The term “patronage” is also often used in a narrower sense to refer specifically to the discretionary allocation of state employment, while usage of the word as an adjective modifying democracy has typically been more general.55 Thus, in coining the term “patronage democracy,” Chandra emphasized public employment as a key measure of a democracy’s patronage character, but she also highlighted more generally the role of the state in providing social services and other benefits relevant to the general well-being of the public.56 This implies that not all developing countries are patronage democracies—the poorest states have only limited resources to allocate to the public—but a large portion of developing countries are likely to fit within this category, an expectation I test explicitly in Chapter 11.57 Thus, in the many national contexts where a significant portion of resources are allocated by the state in a discretionary—and so nonprogrammatic—manner, differentiating between contingent and noncontingent allocation should be core to our analyses of distributive politics.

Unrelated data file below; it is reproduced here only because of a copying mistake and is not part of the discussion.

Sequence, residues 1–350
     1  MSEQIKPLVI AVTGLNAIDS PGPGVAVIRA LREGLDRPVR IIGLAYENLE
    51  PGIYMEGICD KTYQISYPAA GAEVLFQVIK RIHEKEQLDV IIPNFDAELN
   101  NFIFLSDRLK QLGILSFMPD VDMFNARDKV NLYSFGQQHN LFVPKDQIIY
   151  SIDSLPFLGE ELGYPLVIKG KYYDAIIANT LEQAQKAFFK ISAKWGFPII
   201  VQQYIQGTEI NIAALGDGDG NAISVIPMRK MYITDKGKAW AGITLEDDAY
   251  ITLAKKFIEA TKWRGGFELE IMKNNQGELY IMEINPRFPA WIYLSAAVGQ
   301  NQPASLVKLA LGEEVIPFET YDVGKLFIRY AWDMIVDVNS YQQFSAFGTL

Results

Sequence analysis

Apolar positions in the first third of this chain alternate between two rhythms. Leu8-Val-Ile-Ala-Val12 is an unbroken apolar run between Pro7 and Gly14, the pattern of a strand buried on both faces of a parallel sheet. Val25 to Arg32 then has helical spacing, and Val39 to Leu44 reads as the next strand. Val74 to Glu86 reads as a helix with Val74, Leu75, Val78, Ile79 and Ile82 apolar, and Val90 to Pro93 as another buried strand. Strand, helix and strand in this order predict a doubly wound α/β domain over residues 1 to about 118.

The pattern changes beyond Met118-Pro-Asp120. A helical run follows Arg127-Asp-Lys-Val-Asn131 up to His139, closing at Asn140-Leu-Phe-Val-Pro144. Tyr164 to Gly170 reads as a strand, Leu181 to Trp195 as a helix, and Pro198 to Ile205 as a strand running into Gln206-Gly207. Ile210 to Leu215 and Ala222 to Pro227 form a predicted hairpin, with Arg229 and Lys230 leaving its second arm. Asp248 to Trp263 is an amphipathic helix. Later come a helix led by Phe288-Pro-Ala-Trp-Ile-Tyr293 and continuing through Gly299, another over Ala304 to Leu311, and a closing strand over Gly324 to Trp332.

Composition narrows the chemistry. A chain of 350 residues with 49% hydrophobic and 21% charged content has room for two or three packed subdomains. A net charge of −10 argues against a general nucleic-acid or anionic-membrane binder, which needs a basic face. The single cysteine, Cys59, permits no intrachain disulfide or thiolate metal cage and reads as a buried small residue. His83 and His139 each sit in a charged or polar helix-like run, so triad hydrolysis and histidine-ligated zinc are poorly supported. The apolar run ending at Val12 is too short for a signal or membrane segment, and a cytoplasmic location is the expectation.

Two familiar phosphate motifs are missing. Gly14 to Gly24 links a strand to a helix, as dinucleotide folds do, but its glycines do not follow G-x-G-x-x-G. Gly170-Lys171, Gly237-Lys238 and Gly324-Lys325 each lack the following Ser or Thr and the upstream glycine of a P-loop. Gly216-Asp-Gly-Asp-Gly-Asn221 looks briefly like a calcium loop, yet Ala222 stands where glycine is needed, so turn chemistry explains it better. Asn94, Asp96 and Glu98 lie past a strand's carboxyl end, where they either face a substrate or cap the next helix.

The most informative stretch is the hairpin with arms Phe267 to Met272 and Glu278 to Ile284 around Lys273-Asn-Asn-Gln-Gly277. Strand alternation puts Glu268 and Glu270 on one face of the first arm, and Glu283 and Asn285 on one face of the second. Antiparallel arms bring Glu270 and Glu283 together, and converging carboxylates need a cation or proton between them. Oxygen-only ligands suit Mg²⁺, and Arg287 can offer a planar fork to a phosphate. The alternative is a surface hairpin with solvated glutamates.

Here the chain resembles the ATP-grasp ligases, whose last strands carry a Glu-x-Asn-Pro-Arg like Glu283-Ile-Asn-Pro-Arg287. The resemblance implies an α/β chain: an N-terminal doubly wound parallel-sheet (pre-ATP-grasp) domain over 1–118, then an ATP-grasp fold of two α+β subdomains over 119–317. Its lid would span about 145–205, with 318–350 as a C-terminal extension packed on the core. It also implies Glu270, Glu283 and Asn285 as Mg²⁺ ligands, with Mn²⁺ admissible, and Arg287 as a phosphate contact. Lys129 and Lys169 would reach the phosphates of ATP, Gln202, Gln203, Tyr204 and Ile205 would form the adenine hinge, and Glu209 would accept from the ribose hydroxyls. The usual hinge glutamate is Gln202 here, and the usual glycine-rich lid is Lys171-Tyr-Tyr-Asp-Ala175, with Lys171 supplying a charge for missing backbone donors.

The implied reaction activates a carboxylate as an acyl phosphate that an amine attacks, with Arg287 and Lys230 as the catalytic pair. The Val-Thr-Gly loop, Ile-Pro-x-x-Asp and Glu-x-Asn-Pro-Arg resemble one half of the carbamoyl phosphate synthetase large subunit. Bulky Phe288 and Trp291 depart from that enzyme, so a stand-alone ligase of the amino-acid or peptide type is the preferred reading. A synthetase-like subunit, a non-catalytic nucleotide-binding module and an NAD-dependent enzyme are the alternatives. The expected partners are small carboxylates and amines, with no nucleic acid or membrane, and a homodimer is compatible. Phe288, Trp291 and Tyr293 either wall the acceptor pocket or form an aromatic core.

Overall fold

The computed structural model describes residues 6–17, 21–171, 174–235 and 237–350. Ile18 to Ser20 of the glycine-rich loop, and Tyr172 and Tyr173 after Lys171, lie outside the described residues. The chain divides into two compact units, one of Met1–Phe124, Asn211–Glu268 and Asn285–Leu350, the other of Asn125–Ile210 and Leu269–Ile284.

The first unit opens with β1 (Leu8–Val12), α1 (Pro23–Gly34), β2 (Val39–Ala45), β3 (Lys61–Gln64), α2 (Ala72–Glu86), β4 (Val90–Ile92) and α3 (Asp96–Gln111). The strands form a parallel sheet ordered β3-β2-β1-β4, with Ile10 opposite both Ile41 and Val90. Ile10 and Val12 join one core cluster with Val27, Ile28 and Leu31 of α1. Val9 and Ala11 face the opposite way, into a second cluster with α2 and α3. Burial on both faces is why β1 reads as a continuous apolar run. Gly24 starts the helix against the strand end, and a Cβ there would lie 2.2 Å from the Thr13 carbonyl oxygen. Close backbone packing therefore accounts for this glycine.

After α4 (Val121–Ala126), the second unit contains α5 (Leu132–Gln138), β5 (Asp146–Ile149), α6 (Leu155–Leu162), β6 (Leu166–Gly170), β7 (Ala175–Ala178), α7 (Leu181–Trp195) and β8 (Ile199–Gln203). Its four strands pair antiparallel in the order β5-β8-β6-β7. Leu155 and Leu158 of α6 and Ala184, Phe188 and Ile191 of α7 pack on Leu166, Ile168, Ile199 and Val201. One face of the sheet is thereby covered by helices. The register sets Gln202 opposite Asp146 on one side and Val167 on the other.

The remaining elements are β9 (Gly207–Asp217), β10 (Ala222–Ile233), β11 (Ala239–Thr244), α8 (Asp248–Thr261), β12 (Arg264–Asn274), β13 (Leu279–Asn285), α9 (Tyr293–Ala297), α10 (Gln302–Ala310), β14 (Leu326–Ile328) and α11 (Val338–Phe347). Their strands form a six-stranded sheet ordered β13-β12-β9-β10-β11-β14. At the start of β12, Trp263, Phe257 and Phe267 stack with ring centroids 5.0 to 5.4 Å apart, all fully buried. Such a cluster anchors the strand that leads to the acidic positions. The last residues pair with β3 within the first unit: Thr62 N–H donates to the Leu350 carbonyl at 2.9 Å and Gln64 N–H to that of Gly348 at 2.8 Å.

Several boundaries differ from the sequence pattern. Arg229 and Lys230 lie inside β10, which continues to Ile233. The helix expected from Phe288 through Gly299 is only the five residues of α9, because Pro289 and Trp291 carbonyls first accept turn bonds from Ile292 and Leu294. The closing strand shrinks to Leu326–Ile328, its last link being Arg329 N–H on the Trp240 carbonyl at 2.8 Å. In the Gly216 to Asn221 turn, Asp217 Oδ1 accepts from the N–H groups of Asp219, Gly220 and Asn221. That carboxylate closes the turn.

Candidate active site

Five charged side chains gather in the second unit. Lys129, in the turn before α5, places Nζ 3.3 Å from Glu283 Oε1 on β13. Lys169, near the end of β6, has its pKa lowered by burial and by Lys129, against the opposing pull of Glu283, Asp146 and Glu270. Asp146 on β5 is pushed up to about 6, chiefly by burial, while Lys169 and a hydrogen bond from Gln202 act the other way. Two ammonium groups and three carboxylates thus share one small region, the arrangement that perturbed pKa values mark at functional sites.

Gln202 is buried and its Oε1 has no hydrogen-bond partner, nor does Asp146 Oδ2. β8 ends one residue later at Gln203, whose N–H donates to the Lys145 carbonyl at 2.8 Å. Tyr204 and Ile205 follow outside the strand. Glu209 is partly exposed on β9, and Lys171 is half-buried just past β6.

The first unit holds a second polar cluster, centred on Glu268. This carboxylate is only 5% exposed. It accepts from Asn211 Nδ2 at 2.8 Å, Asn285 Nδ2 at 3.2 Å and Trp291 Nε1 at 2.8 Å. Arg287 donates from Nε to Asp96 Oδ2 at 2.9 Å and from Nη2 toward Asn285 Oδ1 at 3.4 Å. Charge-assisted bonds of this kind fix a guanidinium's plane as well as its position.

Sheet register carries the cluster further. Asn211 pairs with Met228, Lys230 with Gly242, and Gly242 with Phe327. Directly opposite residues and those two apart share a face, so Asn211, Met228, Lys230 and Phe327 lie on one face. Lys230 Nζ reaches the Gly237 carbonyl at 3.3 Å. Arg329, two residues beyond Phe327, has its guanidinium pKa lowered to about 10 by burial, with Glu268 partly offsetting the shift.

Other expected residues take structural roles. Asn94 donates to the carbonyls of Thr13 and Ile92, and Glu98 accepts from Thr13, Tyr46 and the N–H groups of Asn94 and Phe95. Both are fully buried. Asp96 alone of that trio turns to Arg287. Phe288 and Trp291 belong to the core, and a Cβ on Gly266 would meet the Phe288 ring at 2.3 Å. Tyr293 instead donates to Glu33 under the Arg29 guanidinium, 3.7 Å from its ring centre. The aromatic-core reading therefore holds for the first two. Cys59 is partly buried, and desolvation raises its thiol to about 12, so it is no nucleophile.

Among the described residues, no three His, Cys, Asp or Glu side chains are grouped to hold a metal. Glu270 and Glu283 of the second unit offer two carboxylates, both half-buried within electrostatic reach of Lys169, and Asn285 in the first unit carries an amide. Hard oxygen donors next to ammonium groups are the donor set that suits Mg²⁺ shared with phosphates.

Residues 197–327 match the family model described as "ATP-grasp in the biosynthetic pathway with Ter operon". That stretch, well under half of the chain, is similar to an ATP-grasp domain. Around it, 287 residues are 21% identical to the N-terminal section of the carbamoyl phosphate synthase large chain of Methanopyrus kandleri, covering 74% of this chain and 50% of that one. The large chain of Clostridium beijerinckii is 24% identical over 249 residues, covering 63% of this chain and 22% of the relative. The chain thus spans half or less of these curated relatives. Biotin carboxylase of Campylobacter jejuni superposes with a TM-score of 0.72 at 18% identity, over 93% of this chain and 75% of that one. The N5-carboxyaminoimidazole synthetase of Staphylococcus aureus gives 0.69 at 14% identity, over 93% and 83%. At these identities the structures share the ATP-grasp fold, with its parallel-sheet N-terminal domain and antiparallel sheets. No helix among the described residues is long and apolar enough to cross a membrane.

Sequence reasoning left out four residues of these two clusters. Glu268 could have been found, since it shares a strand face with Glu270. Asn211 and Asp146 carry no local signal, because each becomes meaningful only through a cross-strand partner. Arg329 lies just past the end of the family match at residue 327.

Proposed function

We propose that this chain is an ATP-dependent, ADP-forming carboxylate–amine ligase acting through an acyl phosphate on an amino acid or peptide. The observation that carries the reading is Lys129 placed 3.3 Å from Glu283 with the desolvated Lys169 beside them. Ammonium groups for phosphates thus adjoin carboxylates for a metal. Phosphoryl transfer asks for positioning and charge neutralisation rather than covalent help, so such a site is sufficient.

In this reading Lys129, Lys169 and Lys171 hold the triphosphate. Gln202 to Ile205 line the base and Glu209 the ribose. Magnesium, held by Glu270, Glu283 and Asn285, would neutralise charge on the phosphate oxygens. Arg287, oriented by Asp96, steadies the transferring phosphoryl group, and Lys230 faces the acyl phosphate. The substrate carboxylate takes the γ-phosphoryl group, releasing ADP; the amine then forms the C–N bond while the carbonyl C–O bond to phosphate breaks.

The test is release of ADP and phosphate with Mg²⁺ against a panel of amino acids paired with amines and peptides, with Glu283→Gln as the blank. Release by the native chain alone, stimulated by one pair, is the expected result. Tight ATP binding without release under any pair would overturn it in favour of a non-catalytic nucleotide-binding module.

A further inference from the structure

With the typology in Figure 1.1—and with the integration of constituency service as a key nonprogrammatic, yet nonpartisan, form of distribution—we can link ideas about “representation” and “responsiveness” to conceptions of “distributive politics.” Notions of policy responsiveness often correspond, in general, to programmatic politics. Forms of partisan bias—including pork-barrel politics—might reasonably fit into an understanding of allocation responsiveness. Yet, should politicians who engage in nonprogrammatic but noncontingent distribution be properly conceived of as responsive to their constituents? And how does this form of distribution align with the different concepts of responsiveness previously discussed?

I posit that constituency service is an important form of service responsiveness that, at least theoretically, can serve as a key tool for representation. High-level politicians who solve problems for their constituents clearly act in the interest of the represented, and in a manner responsive to them. Perhaps most critically, following Pitkin’s previously discussed formulation, citizens who petition their legislators exert independent action: they are not “merely being taken care of,” nor is their autonomy subverted by politicians (p.24) who demand political support in exchange for benefits.58 In this key respect, constituency service contrasts with clientelism—in which an individual is held accountable to the person or party providing them a benefit. As Stokes explores, quid pro quos generate a perversion of accountability in which voters become accountable (or responsive) to their elected officials, rather than the reverse.59 Thus, such forms of contingent allocation—while a central aspect of distributive politics—cannot be understood as compelling forms of representation or adequate political responsiveness.60